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National Center on Secondary Education and Transition

Increasing Rates of School Completion
Moving From Policy and Research to Practice

A Manual for Policymakers, Administrators, and Educators

Preventing Dropout: A Critical and Immediate National Goal

National Statistics on Dropout and School Completion

Today, nearly all students are expected to graduate from high school with a diploma. Yet hundreds of thousands of students in the United States leave school early each year without successfully completing school (National Center for Education Statistics, 2002).

  • The percentage of 8th grade students who graduate five years later range from a low of 55% in Florida to a high of 87% in New Jersey (Greene, 2002).
  • Approximately one in eight children in the United States never graduates from high school (Children’s Defense Fund, 2001).
  • Based on calculations per school day (180 days of seven hours each), one high school student drops out every nine seconds (Children’s Defense Fund, 2001).

Some groups of students are at greater risk of dropping out of school.

  • The rate of school completion is lower for students of Hispanic descent as compared to other young adults (64% of Hispanic youth vs. 84% of Black youth vs. 92% of White youth ages 18-24 who completed school) (National Center for Education Statistics, 2002).
  • On average, students from low socio-economic backgrounds are at increased risk of not completing school (rate of dropout is 10% for low income vs. 5.2% for middle income vs. 1.6% for high income) (National Center for Education Statistics, 2002).
  • According to the 23rd Report to Congress, only 57% of youth with disabilities graduated with regular diplomas during the 1999-2000 school year (U.S. Department of Education, 2001).

Youth who drop out are more likely to experience negative outcomes such as unemployment, underemployment, or incarceration.

  • High school dropouts are 72% more likely to be unemployed as compared to high school graduates (U.S. Department of Labor, 2003).
  • Nearly 80% of individuals in prison do not have a high school diploma (Office of Juvenile Justice and Delinquency Prevention, 1995).
  • According to the National Longitudinal Transition Study of special education students, the arrest rates of youth with disabilities who dropped out were significantly higher than those who had graduated (Wagner et al., 1991).

Additionally, the costs associated with the incidence of dropout for society are immense.

  • Approximately 47% of high school dropouts are employed, compared to 64% of high school graduates not in college (National Center for Education Statistics, 1995).
  • Students who graduate from high school earn an average of $9,245 more money per year than students who do not complete school (Employment Policy Foundation, 2001).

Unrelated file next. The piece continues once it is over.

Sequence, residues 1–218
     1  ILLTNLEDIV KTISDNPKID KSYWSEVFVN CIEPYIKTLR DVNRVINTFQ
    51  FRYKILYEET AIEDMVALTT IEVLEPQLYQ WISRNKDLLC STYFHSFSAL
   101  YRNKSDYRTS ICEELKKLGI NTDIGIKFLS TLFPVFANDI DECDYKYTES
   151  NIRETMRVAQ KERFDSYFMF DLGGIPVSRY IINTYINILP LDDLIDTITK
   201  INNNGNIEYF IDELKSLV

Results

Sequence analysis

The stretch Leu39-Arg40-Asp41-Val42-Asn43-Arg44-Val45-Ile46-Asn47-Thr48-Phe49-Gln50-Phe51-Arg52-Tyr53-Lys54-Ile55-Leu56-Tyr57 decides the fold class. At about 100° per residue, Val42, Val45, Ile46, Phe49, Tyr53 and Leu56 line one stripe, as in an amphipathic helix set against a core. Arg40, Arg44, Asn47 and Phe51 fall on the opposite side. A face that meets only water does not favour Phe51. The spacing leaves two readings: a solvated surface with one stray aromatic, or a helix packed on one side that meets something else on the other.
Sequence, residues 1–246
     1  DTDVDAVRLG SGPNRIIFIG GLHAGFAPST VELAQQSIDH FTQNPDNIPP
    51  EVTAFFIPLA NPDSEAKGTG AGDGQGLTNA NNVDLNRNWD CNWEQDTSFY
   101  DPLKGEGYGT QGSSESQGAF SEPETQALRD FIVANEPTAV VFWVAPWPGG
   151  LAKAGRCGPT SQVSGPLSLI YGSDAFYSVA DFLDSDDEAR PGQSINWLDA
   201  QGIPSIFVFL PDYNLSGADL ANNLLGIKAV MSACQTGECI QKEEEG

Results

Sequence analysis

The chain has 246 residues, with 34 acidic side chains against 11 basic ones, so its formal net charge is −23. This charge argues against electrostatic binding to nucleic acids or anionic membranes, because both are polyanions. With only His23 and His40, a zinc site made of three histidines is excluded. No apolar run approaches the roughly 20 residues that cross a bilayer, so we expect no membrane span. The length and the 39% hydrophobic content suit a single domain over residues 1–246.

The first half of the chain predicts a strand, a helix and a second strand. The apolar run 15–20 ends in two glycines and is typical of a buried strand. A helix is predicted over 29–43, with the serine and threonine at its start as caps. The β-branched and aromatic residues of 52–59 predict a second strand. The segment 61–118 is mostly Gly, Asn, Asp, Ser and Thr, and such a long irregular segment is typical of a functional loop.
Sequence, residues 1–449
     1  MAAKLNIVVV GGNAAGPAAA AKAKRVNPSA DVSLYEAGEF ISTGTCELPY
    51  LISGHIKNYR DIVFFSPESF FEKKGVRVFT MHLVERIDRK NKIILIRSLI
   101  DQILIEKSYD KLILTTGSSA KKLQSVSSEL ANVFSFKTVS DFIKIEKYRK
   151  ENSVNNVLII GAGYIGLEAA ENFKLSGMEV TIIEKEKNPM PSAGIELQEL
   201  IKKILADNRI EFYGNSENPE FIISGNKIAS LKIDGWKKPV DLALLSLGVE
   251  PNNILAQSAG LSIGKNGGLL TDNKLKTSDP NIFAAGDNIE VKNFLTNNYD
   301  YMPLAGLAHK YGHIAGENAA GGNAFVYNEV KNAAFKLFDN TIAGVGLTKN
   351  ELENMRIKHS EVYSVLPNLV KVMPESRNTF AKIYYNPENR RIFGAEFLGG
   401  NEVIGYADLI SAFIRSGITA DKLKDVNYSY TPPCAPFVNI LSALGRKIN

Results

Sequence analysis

Recent legislation has focused national attention on increasing the rate of school completion. The No Child Left Behind Act holds schools accountable for student progress using indicators of adequate yearly progress including measures of academic performance and rates of school completion.

Pressure is mounting to develop educational programs that engage students in school and learning, ensure acquisition of academic and social skills necessary for adulthood, and result in high rates of school completion.

Table of Contents

Cover Page

Introduction & Getting Started

Part I: What Do We Know About Dropout Prevention?

Part II: How Were Sample Intervention Programs Selected?

  • The Need for Examples of Effective Interventions
  • Search Process & Initial Criteria
  • Raising the Bar
  • Final Parameters for Selection
  • Abstracts: Coding & Definitions

Part III: What Works in Dropout Prevention?

Part IV: Where Else Can I Go for More Information?

  • Related Resources & Organizations
  • Journal Articles & Related Publications
  • Web Sites Providing Data on Dropout Rates

Appendix: Reproducible Handouts on Dropout Prevention


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Citation: Lehr, C. A., Johnson, D. R., Bremer, C. D., Cosio, A., & Thompson, M. (2004). Essential tools: Increasing rates of school completion: Moving from policy and research to practice. Minneapolis, MN: University of Minnesota, Institute on Community Integration, National Center on Secondary Education and Transition.

Permission is granted to duplicate this publication in its entirety or portions thereof. Upon request, this publication will be made available in alternative formats. For additional copies of this publication, or to request an alternate format, please contact: Institute on Community Integration Publications Office, 2025 East River Parkway, Minneapolis, MN 55414, (612) 624-4512, icipub@umn.edu.

This document was published by the National Center on Secondary Education and Transition (NCSET). NCSET is supported through a cooperative agreement #H326J000005 with the U.S. Department of Education, Office of Special Education Programs. Opinions expressed herein do not necessarily reflect the policy or position of the U.S. Department of Education Programs, and no official endorsement should be inferred. The University of Minnesota, the U.S. Department of Education, and the National Center on Secondary Education and Transition are equal opportunity employers and educators.